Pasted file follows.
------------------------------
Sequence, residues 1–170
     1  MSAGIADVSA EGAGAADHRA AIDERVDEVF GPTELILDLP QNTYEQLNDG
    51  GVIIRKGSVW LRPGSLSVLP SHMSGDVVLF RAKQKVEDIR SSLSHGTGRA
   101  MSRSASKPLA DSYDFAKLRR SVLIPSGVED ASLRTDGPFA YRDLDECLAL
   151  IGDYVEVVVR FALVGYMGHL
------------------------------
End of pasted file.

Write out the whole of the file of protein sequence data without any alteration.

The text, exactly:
Sequence, residues 1–170
     1  MSAGIADVSA EGAGAADHRA AIDERVDEVF GPTELILDLP QNTYEQLNDG
    51  GVIIRKGSVW LRPGSLSVLP SHMSGDVVLF RAKQKVEDIR SSLSHGTGRA
   101  MSRSASKPLA DSYDFAKLRR SVLIPSGVED ASLRTDGPFA YRDLDECLAL
   151  IGDYVEVVVR FALVGYMGHL